" - My name is Santiago Garcia, I'm the director of the structural heart programme at The Christ Hospital in Cincinnati, Ohio, and the topic for discussion today is the safety and efficacy of valve-in-valve TAVR procedures with and without bioprosthetic valve fracture using the balloon-expandable SAPIEN 3 and ultra-platform.
Reasoning Behind the Study
Well, this procedure is, as you know, the use of bioprosthetic valve has increased, not only in the United States, but also around the world. And the rationale for that is that patients and doctors wanted to avoid, if possible, all the risk of long-term anticoagulation that is associated with the use of mechanical valves. However, the downside of bioprosthetic valves is that eventually all of them will degenerate and there will be a need for a second procedure. Valve-in-valve transcatheter aortic valve replacement has emerged as a very reasonable alternative to redo surgery. And it's increasingly used in the US to treat degenerative surgical valves. And one of the rationales for doing bioprosthetic valve fracture as an agent to these procedures is to try to mitigate the risk of patient-prosthetic mismatch with these procedures which is particularly important in patients who have small surgical prosthesis.
Rationale for Studying Sapien 3 in Pts with Failing Bioprosthetics
Well, it's one of the most commonly used transcatheter of our platforms, balloon-expandable valves in the United States. And the rationale is to avoid a redo surgery, a redo operation that is associated with significant risk. These patients who already have one operation to treat aortic valve pathology and now, you know, 5, 10, 15 years later, they need another intervention because the surgical valve is failing. So it makes sense to try to deliver the second valve from the groin to avoid a second scenario.
Well, so this is an observational study using data from the TVT Registry which has been capturing data on the use of bioprosthetic valve fracture now for a couple of years. So this is the largest study today. Looking at the outcomes of patients with bioprosthetic valve fracture versus those patients who had valve-in-valve TAVR procedures without fracture. And the rationale was that we wanted to really assess the safety of this procedure and also the efficacy in terms of gradings reduction and so forth.
Well, the main outcomes are that, in relationship to patients who have valve-in-valve TAVR procedures without fracture, those patients who had a valve-in-valve TAVR with fracture were an increased risk of in-hospital and 30-day mortality, the risk almost doubled. The possible mediators of this increased risk are number one, life-threatening bleeding which was significantly more commonly seen in the group of patients who had bioprosthetic valve fracture, and also major vascular complications were higher. So clearly a safety signal was seen in the study. With regards to the efficacy of the procedure, we saw a modest reduction in gradients of approximately four millimetres of mercury which is significantly less than what has been previously reported. And also a modest increase in the aortic valve area of approximately 0.2 centimetre squares, which is also significantly less than what has been previously reported.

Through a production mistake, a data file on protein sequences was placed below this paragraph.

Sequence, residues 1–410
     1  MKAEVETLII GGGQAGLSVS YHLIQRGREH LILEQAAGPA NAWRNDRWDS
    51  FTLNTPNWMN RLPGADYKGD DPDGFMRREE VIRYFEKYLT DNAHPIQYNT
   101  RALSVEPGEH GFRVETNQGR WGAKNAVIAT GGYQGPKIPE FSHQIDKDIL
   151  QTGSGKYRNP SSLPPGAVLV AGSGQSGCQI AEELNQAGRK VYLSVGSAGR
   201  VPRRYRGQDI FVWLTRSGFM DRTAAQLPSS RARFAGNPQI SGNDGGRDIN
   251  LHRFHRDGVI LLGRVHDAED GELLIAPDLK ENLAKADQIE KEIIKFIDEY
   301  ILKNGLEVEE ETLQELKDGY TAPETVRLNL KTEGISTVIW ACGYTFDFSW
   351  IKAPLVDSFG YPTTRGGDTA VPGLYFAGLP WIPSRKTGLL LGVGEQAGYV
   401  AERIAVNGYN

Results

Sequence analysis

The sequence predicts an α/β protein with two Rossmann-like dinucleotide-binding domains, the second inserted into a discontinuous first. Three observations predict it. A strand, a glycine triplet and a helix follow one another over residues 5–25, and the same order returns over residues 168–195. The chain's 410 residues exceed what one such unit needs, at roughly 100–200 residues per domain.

Well, the clinical significance of these findings is that this procedure provides some benefits in terms of hemodynamics, is also associated with some risk. We did some additional analysis because the bioprosthetic valve fracture procedure can be performed either before the valve-in-valve TAVR or after valve-in-valve TAVR, and we noted a significant difference between the two in terms of both safety and efficacy. The performance of bioprosthetic valve fracture after valve-in-valve TAVR is safer and more effective, and therefore, one of the conclusions so far, is that the timing of bioprosthetic valve fracture is very important. And that's one of the messages that we want to send to the interventional cardiology community performing these procedures. In contrast, those patients who had bioprosthetic valve fracture performed prior to the valve-in-valve TAVR had significant higher risk of death and life-threatening bleeding, which we need to better understand. But there is a clear signal here for both better safety and efficacy when the BVF procedure is performed after the valve-in-valve TAVR.
Challenges of the Study and Further Research Needed
Well, some of the restrictions that we have in accessing the TVT Registry with regards to all the surgical valves, we had information on the true internal dimension of only the Edwards Lifescience's surgical valves which was approximately a third of the cohort. I think it will be nice to have that information for all surgical valves, so one can do more sophisticated analysis and the data could be more granular with regards to gradients and changes in aortic valve area. But that's one of the limitations of the registry. The second consideration is the adjudication of what a successful bioprosthetic valve fracture looks like was done by individual sites. There was no core lab in our analysis and this can be sometimes challenging because not all the valves have fluoroscopic markers, and not all the valves are created the same way. So that's one of the limitations, it was site adjudicated and not adjudicated by an independent core lab.”